Social engineering is a fancy and politically correct name to refer mostly to people who use digital media to access our sensitive data, ranging from our name to the payment methods we use online to take advantage of it.
Reverse social engineering
There is also reverse social engineering, which is when a person studies a program or a system to see how it works and technical details that can be taken advantage of.
Getting into the topic of phishing is always a good exercise that allows us to analyze how many times we have exposed our data to third parties or companies that are dedicated to looking for our data for scams and taking advantage of our sensitive information.
It is highly recommended to have strong passwords, for all the services we use, from our cell phones. Nowadays it is advisable to even have a password for the extended cell phone, with alphanumeric characters
Frequent practices used by people who take advantage of the information we provide are to clone bank pages. It is quite common because in them we place sensitive information and keys that we use. We must always verify with the main page or with the customer service of the entity if the page on which we are going to enter our data is reliable and is part of the services they offer, for example, verify that it has the security certificate https://
We don’t always find the easy way to make a phishing report. A good practice is Google, which makes available a direct link so that we can easily report the pages that are committing these frauds or phishing:
Report a Phishing Page (google.com)
When we think of people who are dedicated to phishing we think of the typical image of the hacker working in the dark and with a covered head and black clothes. It just couldn’t go any further from the truth…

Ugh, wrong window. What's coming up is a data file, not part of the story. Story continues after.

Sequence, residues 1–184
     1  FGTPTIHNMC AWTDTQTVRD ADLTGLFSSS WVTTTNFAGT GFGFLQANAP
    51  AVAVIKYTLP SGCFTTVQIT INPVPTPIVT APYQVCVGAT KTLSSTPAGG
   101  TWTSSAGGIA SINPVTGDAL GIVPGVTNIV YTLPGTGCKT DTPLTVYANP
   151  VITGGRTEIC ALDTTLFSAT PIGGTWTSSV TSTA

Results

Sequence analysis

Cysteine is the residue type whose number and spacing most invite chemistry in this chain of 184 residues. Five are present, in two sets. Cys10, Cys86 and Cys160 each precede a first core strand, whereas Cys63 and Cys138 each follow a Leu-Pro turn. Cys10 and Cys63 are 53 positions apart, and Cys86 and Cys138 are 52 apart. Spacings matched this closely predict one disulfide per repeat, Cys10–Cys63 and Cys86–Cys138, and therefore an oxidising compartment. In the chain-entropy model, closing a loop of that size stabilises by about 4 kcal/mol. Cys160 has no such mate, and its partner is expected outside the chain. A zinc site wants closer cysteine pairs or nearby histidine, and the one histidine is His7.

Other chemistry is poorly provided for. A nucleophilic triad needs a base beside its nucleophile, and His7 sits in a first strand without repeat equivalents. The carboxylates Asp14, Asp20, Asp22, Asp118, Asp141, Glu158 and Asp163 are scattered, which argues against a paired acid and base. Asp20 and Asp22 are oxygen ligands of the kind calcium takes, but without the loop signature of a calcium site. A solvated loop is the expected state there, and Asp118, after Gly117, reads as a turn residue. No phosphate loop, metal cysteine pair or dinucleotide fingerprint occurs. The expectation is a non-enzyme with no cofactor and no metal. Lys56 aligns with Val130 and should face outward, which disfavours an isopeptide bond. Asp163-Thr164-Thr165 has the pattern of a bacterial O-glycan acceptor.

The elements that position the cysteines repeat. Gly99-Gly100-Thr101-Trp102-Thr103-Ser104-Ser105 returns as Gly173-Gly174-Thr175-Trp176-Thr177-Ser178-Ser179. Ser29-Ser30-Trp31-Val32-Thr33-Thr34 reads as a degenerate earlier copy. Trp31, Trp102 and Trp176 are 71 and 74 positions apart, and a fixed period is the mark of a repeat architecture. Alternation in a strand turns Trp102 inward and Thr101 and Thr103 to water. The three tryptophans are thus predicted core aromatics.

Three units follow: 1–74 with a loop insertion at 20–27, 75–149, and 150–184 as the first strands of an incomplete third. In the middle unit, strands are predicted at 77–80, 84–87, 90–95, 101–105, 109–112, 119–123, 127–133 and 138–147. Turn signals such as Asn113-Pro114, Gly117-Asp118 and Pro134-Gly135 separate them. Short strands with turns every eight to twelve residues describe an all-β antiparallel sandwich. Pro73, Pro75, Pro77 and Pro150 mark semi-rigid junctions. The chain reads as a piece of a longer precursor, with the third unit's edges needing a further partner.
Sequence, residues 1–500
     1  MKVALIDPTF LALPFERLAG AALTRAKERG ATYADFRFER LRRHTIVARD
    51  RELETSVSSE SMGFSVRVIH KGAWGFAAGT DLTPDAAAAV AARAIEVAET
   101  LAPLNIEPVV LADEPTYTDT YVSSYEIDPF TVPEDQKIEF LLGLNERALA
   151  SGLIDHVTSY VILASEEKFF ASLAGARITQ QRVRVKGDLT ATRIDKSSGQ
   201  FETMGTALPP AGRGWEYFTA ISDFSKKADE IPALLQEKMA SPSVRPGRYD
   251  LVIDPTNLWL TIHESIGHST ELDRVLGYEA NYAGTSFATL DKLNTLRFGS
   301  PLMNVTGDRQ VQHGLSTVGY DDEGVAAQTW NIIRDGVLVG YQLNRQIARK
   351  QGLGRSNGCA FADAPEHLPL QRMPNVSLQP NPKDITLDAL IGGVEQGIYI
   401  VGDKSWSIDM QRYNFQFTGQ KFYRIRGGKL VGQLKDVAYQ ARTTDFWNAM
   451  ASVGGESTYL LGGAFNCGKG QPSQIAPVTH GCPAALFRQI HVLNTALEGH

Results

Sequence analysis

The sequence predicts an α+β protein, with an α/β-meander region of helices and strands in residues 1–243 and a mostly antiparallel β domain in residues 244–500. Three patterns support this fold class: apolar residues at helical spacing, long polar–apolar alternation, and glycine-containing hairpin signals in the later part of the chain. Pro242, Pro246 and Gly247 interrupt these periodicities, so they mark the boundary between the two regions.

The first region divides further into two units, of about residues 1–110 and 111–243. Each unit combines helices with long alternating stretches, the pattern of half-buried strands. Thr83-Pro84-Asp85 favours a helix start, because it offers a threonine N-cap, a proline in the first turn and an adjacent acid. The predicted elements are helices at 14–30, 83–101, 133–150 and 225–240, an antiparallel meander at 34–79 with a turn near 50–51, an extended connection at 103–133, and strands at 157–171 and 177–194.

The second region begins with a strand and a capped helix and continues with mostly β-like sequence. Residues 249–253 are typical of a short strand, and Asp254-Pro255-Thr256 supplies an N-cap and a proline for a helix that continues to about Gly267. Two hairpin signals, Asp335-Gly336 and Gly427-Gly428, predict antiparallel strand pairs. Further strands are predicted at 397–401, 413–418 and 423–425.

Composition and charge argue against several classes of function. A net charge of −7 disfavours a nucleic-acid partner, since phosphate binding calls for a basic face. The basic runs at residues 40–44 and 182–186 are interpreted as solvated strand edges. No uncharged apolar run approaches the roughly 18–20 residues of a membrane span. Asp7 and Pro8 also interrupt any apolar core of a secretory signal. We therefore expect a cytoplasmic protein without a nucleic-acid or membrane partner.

Many of the people who engage in phishing, work in public places where they can easily be collecting data through the local Wi-Fi network.
Therefore, it is not advisable to connect to the wifi network in places you visit, and much less if you are going to enter your bank to make any transaction
Even if you have the best of passwords, it may be that the person sitting there phishing has managed to install some program on the router of the local and see what sites you are visiting and the passwords you are using
It is also very common for someone to sit with a device (it can even be a cell phone with internet) and to “offer another connection in the premises”, for example, the person will sit next to you in a cafeteria, to do phishing, because he has the same right as you to visit the café and consume the products, and then proceed to change the name of your device with wifi and will place the same name of the wifi of the cafeteria to confuse you, therefore, you will enter your internet connection and extract all your data.
It is vital to read the terms and conditions of use. It is the most boring part, but it is basic, so we will know if who “gives” us that application will sell our information or content that we place in the networks or applications and maybe they will inform us who will sell that information, we will also know what happens if the company that is giving us that service is the victim of a database theft with the information of users.
Also, it should be noted that although a page has the HTTPS security certificate does not always imply security, the ideal is to go to the official site of the organization or company to verify that we are requesting the data in the correct place or call to verify.